Thursday, March 11, 2010

Narrative Research: An Excuse for Historicism or a Voice for the Marginalized?

My doctoral supervisor has suggested that I present my research in a narrative style rather than in the more traditional modernist form in which one states a hypothesis, tests it, and then discusses. My masters dissertation was written in the later style and I am certainly more comfortable with it.
However I agree with my supervisor that using such a traditional modernist format in my doctoral thesis would create quite a bit of cognitive dissonance because the theories that I am working with, primarily Performativity and Symmetrical Analysis, imply a fairly relativistic epistemological approach to the world.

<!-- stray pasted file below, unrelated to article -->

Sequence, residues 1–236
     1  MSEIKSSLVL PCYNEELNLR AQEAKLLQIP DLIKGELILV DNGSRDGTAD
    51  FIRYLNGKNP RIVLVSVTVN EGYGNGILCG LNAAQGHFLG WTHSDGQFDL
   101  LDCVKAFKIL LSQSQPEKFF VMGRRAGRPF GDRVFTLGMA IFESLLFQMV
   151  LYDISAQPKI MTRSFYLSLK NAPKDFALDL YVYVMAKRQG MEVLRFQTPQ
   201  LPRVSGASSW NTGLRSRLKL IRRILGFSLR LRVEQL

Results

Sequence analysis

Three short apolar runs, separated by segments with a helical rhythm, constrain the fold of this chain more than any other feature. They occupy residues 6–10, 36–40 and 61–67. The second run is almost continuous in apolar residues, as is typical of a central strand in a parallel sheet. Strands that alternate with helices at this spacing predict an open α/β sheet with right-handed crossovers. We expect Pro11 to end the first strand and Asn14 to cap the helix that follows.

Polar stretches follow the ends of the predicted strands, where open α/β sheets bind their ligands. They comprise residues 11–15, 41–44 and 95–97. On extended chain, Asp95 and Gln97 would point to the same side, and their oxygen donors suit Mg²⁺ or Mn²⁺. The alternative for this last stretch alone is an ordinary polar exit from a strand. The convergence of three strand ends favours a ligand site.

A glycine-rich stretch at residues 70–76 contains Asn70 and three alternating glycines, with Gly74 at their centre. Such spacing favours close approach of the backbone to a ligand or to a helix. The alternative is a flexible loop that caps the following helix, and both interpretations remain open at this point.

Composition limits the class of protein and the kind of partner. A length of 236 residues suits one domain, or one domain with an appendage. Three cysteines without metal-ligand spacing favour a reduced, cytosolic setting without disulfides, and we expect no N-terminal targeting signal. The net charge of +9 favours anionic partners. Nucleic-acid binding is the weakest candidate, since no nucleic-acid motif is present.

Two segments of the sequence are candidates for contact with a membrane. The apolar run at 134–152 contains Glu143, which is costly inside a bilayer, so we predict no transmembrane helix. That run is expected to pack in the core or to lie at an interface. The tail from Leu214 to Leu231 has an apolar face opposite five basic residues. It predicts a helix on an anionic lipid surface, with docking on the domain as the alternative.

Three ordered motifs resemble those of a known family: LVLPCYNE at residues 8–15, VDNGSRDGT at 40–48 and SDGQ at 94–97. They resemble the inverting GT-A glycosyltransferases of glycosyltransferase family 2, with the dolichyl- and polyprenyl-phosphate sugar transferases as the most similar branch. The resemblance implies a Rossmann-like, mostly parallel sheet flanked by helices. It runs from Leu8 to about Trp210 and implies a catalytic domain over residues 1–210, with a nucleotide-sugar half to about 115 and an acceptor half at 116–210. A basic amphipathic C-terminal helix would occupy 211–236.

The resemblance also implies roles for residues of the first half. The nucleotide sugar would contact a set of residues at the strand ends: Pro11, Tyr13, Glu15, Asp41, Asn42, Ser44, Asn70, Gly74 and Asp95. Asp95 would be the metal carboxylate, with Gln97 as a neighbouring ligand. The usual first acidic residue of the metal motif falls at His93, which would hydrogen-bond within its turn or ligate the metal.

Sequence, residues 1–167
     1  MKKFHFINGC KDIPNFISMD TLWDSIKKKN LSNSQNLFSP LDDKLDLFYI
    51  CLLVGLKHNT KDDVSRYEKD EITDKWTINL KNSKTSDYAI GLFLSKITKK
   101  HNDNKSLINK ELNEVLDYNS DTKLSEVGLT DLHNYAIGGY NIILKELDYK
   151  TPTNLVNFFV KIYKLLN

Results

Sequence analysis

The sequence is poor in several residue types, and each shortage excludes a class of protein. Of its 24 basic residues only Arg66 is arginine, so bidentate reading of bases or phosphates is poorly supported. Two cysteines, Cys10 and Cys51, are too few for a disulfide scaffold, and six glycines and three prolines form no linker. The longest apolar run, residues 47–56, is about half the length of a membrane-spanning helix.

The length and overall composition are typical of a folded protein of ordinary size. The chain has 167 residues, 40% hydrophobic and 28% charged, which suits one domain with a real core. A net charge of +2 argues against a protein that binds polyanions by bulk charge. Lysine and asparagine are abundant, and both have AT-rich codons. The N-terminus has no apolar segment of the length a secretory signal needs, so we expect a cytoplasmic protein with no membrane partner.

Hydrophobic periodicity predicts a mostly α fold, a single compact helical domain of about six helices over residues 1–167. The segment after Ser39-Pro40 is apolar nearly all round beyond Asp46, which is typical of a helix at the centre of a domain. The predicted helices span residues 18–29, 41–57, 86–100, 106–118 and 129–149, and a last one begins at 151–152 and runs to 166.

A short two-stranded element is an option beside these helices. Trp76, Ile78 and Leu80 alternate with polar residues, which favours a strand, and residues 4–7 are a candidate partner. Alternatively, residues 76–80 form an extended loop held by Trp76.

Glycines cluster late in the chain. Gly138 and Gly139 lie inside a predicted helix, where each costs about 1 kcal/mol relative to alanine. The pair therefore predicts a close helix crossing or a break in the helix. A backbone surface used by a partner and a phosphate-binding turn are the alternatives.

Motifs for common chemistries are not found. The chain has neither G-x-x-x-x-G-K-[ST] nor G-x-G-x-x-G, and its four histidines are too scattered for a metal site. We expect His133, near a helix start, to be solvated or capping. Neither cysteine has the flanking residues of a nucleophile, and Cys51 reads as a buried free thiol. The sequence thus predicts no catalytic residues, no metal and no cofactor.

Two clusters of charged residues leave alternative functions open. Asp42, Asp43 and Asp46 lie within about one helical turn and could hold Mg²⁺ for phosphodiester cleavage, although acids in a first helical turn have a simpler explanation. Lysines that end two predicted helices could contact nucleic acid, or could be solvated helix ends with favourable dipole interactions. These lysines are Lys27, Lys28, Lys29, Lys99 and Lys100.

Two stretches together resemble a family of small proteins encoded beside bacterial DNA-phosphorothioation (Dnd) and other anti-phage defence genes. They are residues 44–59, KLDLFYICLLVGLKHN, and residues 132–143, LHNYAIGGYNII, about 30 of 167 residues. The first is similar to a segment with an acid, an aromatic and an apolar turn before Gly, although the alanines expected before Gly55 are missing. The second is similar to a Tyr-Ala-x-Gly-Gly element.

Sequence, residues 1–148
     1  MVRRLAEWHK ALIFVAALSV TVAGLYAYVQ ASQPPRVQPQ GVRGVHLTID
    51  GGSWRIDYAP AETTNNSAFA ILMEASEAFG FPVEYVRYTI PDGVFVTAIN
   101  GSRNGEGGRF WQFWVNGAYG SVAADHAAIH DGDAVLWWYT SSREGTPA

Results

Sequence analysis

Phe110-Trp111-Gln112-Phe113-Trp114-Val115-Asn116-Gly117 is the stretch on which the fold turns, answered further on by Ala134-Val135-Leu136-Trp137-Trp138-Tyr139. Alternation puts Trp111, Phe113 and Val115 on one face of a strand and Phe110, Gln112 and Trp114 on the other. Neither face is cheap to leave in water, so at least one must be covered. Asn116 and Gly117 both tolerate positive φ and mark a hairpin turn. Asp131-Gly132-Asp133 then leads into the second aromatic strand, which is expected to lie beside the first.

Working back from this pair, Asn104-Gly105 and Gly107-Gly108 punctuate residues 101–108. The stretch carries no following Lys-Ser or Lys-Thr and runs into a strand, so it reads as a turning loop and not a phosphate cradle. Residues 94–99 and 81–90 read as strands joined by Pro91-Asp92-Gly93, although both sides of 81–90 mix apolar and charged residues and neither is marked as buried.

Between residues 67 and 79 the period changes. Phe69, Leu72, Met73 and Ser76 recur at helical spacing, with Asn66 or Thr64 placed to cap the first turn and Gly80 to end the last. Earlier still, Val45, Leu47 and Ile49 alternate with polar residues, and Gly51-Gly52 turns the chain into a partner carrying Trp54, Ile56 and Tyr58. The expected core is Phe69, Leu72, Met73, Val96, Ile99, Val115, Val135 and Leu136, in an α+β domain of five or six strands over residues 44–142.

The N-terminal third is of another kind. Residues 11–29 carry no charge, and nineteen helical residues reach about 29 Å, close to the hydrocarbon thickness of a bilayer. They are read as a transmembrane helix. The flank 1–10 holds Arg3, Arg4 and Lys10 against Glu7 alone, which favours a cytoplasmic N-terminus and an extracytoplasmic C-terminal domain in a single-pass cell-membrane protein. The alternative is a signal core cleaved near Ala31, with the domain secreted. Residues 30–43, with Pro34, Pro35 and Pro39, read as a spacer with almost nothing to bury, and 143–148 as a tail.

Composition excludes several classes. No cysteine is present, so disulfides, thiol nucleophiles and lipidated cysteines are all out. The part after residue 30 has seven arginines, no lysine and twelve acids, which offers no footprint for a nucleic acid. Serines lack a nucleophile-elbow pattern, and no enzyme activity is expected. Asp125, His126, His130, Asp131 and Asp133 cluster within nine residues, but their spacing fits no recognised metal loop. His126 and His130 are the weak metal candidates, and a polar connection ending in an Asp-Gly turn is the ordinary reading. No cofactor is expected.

I am, however, quite sensitive to the critques of Narrative Research. I have an instinctual aversion to strongly ideological accounts of history or any other topic for that matter and accept that the narrative style is very susceptible to historicism, or as it is called in it politics, "spin."

On the other hand I am also convinced that relying on explicit methodologies is neither as practically possible as we would like to think or even an effective barrier to historicism. Rather in practice such methodologies simply tend to privilege the knowledge derived from them and in doing so marginalize alternate explanations. Which is why narrative research is important and valuable because it gives those alternate explanations, or narratives, a place to be told.

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